How Is ADHD Diagnosed in Children and Adults?

Reaching an ADHD Diagnosis

Reaching an ADHD Diagnosis

While there is no particular test used to diagnose ADHD, healthcare experts will typically diagnose a person with ADHD after they have shown few or all symptoms of ADHD regularly for more than six months.

Healthcare experts, such as primary care physicians, psychologist, psychiatrists, and pediatricians can diagnose ADHD by using the standard guidelines from the American Academy of Pediatrics or the American Psychiatric Association’s Diagnostic and Statistical Manual (DSM). To make an ADHD diagnosis, information must be acquired from several sources, including schools, caregivers, and parents. The healthcare specialist will then consider how a child’s or adult’s behavior compares with that of other children or adults the same age.

In this article, we will go more in-depth on how ADHD is diagnosed in children and adults.

Diagnosing ADHD in Children

“Kids will be kids.” “He’ll grow out of it.” “Five-year-olds are supposed to have a lot of energy.” “They ask too much of kids today.” These are just some of the responses you hear when you begin to discuss attention deficit hyperactivity disorder (ADHD) with people in your life as they attempt to minimize the problem or dismiss it entirely.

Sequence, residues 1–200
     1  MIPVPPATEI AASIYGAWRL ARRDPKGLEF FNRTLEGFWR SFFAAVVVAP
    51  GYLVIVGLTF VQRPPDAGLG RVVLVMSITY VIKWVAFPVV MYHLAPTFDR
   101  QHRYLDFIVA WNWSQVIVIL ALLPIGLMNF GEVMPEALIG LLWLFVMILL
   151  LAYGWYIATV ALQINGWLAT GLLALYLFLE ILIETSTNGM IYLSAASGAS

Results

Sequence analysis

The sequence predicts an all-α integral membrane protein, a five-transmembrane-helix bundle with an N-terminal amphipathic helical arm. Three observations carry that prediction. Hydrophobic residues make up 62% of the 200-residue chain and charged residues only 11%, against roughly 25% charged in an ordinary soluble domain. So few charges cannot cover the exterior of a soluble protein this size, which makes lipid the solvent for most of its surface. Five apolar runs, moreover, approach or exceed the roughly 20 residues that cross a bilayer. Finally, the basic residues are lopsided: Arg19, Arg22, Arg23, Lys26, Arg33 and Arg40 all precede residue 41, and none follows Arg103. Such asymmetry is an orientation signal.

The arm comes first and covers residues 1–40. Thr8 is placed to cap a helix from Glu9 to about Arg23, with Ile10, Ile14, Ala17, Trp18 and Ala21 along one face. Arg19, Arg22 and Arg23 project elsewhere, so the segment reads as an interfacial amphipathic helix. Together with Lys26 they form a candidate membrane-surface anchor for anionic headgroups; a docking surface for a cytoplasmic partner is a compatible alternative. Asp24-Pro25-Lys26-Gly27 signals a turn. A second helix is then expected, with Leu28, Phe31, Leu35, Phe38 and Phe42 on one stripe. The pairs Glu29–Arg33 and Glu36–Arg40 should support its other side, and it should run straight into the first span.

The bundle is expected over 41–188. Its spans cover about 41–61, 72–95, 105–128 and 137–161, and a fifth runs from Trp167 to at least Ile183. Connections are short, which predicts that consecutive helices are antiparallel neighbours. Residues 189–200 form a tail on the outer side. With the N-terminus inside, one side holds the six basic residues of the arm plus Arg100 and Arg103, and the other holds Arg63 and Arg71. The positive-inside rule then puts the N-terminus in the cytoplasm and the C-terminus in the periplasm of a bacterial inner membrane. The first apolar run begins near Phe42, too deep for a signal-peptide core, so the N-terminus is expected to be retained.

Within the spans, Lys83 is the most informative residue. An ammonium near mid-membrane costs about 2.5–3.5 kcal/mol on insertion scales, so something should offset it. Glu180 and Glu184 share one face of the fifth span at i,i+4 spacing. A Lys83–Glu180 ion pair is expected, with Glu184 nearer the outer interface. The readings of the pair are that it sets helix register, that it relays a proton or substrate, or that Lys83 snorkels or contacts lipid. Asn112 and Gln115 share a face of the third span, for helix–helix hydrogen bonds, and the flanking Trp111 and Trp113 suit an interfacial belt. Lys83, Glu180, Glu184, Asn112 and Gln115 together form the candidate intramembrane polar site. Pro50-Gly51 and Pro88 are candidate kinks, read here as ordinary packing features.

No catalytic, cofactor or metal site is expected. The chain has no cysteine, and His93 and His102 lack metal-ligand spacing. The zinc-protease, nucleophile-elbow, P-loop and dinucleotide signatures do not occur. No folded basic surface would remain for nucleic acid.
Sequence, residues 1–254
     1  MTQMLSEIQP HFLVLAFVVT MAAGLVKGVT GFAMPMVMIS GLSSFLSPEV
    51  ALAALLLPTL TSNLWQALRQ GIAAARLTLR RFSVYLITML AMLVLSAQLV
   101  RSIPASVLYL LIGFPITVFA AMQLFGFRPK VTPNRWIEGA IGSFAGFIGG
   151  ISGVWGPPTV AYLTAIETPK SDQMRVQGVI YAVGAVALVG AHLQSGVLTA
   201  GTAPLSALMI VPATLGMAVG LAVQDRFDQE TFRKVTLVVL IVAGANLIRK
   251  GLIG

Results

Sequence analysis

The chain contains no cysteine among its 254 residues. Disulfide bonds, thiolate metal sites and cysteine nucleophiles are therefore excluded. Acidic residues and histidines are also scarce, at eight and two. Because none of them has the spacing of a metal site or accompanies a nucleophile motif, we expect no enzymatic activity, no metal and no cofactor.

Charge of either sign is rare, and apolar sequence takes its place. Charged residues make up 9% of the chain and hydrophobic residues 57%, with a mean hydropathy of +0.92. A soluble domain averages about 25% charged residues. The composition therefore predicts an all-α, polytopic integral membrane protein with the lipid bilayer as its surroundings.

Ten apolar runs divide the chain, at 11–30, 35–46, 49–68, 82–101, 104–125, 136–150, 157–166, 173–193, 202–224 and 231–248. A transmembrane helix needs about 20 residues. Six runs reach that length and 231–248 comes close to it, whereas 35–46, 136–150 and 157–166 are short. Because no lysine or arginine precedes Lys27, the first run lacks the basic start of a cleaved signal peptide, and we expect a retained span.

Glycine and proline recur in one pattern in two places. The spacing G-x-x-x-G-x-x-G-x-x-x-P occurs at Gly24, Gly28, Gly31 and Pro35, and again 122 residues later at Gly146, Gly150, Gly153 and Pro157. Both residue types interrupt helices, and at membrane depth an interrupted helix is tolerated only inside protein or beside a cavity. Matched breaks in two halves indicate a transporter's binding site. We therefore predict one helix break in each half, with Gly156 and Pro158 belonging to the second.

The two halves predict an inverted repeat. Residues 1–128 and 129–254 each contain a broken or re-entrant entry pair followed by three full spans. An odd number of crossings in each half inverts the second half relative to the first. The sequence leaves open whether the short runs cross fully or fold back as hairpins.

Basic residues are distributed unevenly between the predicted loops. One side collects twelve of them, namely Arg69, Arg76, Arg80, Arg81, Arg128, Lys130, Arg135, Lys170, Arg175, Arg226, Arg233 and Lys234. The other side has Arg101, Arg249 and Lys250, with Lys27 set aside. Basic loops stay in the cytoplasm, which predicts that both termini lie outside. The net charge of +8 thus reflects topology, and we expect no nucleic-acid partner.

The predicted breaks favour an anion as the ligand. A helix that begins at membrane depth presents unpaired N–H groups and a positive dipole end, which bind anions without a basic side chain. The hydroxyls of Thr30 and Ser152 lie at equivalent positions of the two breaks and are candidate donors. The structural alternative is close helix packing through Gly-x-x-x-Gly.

ADHD, like many other mental health disorders, is challenging to diagnose in children. This is primarily due to the idea that ADHD symptoms are just exaggerated versions of normal behaviors.

Everyone feels sad or nervous sometimes, but this does not mean they have a depression or anxiety diagnosis. Likewise, all kids will experience symptoms related to hyperactivity or poor attention, but that does not indicate they have ADHD. It means they are displaying normal and typical behavior for kids their age.

Know the Symptoms of ADHD in Children

To better understand the subtleties of ADHD, you must know the signs and symptoms of ADHD that represent the condition to know whether an ADHD diagnosis is appropriate. As the name describes, ADHD symptoms are separated into two categories: inattention and hyperactivity.

The attention symptoms of ADHD are:

  • Frequent mistakes